A Boredom-Busting Meal for Mid-Winter

Easy, Fun, a Little Fancy + Vegetarian and Gluten Free

So you’re bored–with restaurant food (see previous post) as well as your weekly rotation of 5 standard meals.  If you can saute and deglaze, two simple Cooking Basics we learn about in Whole Kitchen classes, you can break out of that rut in a heartbeat.  Begin by thinking outside the meat-starch-vegetable triangle, as in this meal that lifted me out of my cold-weather blues:

  • Spinach Salad with Sauteed Pears
  • Whole Grain Toasts with Parsley Chevre
  • Spicy Mushroom and Walnut Saute
Spinach in Salad Spinner

As a cold-weather crop, spinach is reasonably-priced and sweet-tasting now. A salad spinner is perfect for washing out all the dirt that collect in spinach.

Spinach Salad with Sauteed Pears and Mushrooms

As the star of the meal, this dish requires the most time.  So start by preparing all its pieces, but hold off on the last step until everything else is ready to go.  Also, take the cheese from the refrigerator now so it can warm to room temperature.

Step 1–Prep Spinach

  • 1 bunch spinach

Cut into 1-2″ squares, wash and spin very dry.

Step 2–Prep Celeriac

  • 1 med. celeriac, shredded on box grater
  • 1-2 Tbsp. freshly squeezed lemon juice, to taste

Combine celeriac and lemon juice in a small bowl and toss to coat, then toss with spinach.

Step 3–Saute Onion and Pear

  • 1 med. to lrg. red onion, sliced 1/4″ thick, then cut into 2″ lengths
  • 1 large Bosc pear, diced to 1/2″
Cleriac with Utiity Knife

While a tough-looking character, celeriac is also a long-storage vegetable that can be eaten raw for nice, wintertime crunch. Remove the skin by cutting away with a paring or utility knife.

  • For meat eaters:  1/4 lb turkey bacon, diced into 1/2″ pieces
    • 2-3 lrg. galic cloves, minced

Saute onion in 1 Tbsp. olive oil for 3-5 minutes, add pear and saute another 5-7 more minutes until everything is browned.  (If using bacon, add and saute 2-3 more minutes to cook through.)  Push everything to sides of pan, add a little oil to center of pan and saute garlic just 1-2 minutes.  Turn off heat and stir everything together.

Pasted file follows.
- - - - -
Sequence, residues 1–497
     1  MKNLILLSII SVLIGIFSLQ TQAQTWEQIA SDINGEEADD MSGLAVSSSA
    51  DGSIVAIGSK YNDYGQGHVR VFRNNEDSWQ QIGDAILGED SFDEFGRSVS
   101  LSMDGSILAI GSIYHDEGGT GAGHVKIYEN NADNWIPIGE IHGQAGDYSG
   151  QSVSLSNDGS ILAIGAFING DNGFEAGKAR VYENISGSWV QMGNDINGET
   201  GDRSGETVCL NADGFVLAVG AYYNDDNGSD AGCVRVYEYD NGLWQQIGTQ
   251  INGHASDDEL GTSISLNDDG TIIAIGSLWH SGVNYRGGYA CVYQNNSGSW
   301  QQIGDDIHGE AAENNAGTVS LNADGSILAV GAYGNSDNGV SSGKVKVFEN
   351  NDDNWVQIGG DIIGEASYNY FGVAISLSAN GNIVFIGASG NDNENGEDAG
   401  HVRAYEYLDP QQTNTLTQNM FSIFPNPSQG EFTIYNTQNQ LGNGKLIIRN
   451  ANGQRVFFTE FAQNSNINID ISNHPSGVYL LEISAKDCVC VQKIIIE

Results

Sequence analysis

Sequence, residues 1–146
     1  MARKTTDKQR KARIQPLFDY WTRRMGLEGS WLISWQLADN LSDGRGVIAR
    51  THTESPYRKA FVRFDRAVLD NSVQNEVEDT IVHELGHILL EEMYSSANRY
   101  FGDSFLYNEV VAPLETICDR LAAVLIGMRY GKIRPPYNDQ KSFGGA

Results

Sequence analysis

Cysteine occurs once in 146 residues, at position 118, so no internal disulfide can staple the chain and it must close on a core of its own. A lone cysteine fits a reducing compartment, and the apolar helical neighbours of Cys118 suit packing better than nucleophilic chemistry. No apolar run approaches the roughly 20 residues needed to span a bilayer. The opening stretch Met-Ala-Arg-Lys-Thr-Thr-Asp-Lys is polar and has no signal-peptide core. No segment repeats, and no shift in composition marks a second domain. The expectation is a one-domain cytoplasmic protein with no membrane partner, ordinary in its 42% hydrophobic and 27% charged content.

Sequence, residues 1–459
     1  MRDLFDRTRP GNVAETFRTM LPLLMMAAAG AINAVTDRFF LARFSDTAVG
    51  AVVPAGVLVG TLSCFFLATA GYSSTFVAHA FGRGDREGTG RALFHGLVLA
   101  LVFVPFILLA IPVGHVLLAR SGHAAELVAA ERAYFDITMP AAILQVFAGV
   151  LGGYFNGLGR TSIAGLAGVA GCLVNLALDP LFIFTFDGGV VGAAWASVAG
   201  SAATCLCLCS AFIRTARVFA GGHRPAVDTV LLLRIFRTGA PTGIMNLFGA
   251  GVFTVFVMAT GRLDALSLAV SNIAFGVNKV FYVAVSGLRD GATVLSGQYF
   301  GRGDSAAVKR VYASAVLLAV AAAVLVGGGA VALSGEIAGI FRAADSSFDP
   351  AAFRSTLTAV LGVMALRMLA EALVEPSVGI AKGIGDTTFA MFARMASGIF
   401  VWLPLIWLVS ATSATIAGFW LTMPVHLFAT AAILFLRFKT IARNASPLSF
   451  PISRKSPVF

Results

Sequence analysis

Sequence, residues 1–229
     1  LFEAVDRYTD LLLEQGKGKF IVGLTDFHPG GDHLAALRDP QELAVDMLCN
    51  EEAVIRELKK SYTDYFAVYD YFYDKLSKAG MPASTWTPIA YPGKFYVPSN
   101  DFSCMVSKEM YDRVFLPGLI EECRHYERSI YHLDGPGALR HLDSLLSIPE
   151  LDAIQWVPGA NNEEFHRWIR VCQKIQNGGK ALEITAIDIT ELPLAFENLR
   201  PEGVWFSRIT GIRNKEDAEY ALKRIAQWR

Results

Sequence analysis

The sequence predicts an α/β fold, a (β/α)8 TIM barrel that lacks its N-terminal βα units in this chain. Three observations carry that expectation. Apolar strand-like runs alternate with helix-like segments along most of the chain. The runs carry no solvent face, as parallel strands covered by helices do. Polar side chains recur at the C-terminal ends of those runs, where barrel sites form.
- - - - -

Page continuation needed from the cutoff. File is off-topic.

Step 4–Deglaze Pan

  • 1/4 cup vegetable, mushroom or chicken broth
  • 1-2 Tbsp. balsamic vinegar
  • 1-2 Tbsp. good-quality olive oil or toasted walnut oil, as desired

Deglaze pan with broth, then add vinegar and oil and stir to mix thoroughly.  Reserve until serving time.

Step 5–Dress and Toss Salad

At serving time, if vegetables have cooled, re-warm just 1-2 minutes, then toss with spinach mixture along with:

  • Sea salt and freshly ground pepper, to taste
  • Balsamic vinegar or fresh lemon juice, to taste

Spicy  Mushroom and Walnut Saute

Bosc Pears

Bosc pears, a winter storage fruit, are best when there is no longer a green hue to their skin and they "give" slightly when pressed gently from the sides. Buy several and store in a paper bag so you always have some of these sweet gems for winter cooking.

Chili flakes are added only to brighten up the mild taste of mushrooms for winter.   So consider sticking to the recommended amounts, even if you’re a chili lover.